Further, NASA doesn’t need a human expedition to Mars to nail down the claim, neuropharmacologist and biologist Joseph Miller, with the University of Southern California Keck School of Medicine, told Discovery News.
“The ultimate proof is to take a video of a Martian bacteria. They should send a microscope — watch the bacteria move,” Miller said.
“On the basis of what we’ve done so far, I’d say I’m 99 percent sure there’s life there,” he added.

January 7th, 2011

Viking Found Organics on Mars, Experiment Confirms Discovery News

More than 30 years after NASA’s Viking landers found no evidence for organic materials on Mars, scientists say a new experiment on Mars-like soil shows Viking did, in fact, hit pay dirt.
The new study was prompted by the August 2008 discovery of powerful oxygen-busting compounds known as perchlorates at the landing site of another Mars probe called Phoenix.
Scientists repeated a key Viking experiment using perchlorate-enhanced soil from Chile’s Atacama Desert, which is considered one of the driest and most Mars-like places on Earth, and found telltale fingerprints of combusted organics — the same chemicals Viking scientists dismissed as contaminants from Earth.
“Contrary to 30 years of perceived wisdom, Viking did detect organic materials on Mars,” planetary scientist Christopher McKay, with NASA’s Ames Research Center in California, told Discovery News. “It’s like a 30-year-old cold case suddenly solved with new facts.”

September 14th, 2010

Building Blocks for Life on Mars Possibly Seen By Viking Probes, Study Suggests Space.com

Samples of Mars dirt collected by NASA’s Viking Mars landers back in the 1970s may have contained carbon-based chemical building blocks of life as we know it, a new study suggests.
During their missions, the two Viking landers vaporized Martian dirt and scrutinized the samples for signs of organic – or carbon-based – molecules that could serve as the raw ingredients for life. At the time, all they found were chlorine compounds attributed to contamination, but the new research suggests the Viking probes’ heat-treatment may have generated these chlorine compounds from naturally occurring Martian organics, destroying them in the process.
“This doesn’t say anything about the question of whether or not life has existed on Mars, but it could make a big difference in how we look for evidence to answer that question,” study co-author Chris McKay, of NASA’s Ames Research Center in Moffett Field, Calif., said in a statement.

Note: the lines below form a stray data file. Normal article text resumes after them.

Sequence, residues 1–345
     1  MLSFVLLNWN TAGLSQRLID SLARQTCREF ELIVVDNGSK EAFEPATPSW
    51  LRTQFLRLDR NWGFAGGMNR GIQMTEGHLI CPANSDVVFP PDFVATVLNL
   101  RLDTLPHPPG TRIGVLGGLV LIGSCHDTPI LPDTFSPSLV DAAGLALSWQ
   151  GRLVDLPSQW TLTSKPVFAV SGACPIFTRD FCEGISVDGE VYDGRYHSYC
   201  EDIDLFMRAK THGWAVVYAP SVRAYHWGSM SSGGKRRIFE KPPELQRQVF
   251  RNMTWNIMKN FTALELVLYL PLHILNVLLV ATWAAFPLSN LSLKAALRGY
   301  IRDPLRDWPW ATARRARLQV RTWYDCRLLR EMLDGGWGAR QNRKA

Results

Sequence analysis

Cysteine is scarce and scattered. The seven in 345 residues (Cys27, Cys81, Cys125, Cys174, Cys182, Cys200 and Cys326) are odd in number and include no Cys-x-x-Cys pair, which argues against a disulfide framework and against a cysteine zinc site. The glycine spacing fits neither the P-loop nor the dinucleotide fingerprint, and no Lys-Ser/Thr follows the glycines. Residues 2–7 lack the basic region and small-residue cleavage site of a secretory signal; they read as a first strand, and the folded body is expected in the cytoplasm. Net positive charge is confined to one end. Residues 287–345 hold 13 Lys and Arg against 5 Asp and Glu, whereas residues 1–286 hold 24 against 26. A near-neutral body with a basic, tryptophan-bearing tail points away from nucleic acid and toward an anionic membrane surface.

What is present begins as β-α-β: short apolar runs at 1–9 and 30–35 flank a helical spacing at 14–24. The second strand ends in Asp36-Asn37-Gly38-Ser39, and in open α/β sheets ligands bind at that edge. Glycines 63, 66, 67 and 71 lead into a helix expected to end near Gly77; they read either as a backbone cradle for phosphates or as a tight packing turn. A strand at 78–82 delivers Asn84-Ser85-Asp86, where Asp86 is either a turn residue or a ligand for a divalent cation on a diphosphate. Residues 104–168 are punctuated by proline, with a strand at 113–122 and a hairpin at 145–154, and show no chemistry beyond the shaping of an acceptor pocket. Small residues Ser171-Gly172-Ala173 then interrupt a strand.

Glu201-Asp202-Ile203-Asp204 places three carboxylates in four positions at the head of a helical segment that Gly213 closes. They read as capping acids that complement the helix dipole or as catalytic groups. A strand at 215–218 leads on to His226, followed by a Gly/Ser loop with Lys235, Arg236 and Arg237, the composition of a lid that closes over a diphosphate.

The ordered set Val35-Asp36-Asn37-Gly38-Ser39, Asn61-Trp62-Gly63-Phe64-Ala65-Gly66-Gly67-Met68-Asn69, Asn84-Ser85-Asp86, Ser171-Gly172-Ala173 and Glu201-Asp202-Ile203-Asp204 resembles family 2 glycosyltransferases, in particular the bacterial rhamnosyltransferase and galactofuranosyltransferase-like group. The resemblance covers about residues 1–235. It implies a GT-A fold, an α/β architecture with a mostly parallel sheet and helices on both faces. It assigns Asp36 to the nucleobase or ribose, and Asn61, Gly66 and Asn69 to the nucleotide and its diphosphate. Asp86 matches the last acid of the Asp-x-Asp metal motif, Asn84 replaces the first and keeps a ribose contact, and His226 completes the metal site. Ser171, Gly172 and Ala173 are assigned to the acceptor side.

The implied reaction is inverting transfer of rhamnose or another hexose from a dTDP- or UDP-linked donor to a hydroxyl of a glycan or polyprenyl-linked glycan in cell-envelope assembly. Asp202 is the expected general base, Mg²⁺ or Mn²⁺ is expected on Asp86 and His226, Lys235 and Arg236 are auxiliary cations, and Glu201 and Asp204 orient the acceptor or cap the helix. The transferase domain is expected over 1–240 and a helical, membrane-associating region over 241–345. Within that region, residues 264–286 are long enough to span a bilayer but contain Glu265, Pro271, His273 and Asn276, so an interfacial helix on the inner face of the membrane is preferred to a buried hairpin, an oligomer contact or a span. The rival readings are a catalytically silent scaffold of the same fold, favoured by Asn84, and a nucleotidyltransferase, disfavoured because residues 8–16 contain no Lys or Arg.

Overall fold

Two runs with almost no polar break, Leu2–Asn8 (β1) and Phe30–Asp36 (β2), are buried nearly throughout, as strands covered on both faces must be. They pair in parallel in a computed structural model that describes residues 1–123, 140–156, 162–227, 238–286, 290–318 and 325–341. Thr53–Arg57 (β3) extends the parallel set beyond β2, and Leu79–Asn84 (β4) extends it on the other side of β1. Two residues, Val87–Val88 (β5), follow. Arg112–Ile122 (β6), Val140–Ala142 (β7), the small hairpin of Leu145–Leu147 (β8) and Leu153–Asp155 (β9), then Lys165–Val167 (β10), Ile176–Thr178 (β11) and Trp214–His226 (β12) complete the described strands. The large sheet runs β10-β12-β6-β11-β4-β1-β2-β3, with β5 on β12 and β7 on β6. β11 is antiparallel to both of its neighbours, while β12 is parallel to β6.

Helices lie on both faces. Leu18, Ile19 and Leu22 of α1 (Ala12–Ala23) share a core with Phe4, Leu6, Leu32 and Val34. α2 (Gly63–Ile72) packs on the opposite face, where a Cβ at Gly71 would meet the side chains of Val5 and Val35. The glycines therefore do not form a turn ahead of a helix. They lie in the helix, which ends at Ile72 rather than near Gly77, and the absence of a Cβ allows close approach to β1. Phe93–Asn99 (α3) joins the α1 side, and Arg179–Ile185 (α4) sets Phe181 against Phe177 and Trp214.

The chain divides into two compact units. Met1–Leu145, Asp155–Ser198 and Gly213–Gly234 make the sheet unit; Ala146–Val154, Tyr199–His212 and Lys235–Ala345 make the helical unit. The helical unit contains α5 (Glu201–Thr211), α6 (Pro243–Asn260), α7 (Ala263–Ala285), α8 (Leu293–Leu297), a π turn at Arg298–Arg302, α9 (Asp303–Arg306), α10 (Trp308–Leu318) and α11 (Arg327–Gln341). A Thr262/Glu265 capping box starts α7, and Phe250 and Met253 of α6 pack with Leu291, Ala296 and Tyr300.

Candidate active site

August 20th, 2010

History-Making Mars Mission Launched 35 Years Ago NASA

Thrust from a Titan 3/Centaur rocket launched NASA’s Viking 1 spacecraft on a 505-million-mile journey to Mars on Aug. 20, 1975. Viking 2 followed three weeks later.
Each mission included both an orbiter and a lander, and all four components accomplished successes. On July 20, 1976, the Viking 1 lander returned the first photograph taken on the surface of Mars. That lander in a region called Chryse Planitia operated until Nov. 13, 1982. The Viking 2 lander operated in the Utopia Planitia region from Sept. 3, 1976 to April 11, 1980. The orbiters sent home images of the entire planet at resolutions of 300 meters or less per pixel.

May 20th, 2010

Mars Rover surpasses Viking -1 record Jason Rhian

There is a new champion on the red planet, in terms of longevity that is, the Mars Exploration Rover Opportunity has surpassed the endurance record of Viking 1. The lander held the record for decades, (the lander was accidentally turned off in 1982 and contact could not be reestablished) until this week when Opportunity surpassed it. The Mars Exploration Rovers Spirit and Opportunity have been on Mars since 2004 and have provided countless new discoveries about our next door, (celestially speaking) neighbor.
The rovers were only expected to last 90 days – and have gone on to last some six years, (Spirit has not communicated with ground controllers and is thought to be in hibernation mode). Spirit may yet wake up and yank the duration-prize from her sister – but until then the prize goes to Opportunity. Much of the twin rovers’ missions successes have gone to this particular rover.

September 28th, 2009

Viking 2 Likely Came Close to Finding H2O Discovery News

NASA’s Viking probes landed on Mars in 1976 to look for water and signs of life. Finding neither, Mars was abandoned for the next two decades.
But if Viking 2, which touched down in an equatorial region known as Utopia Planitia, had just dug down into the soil a few more inches, scientists now think it would have hit nearly pure frozen water.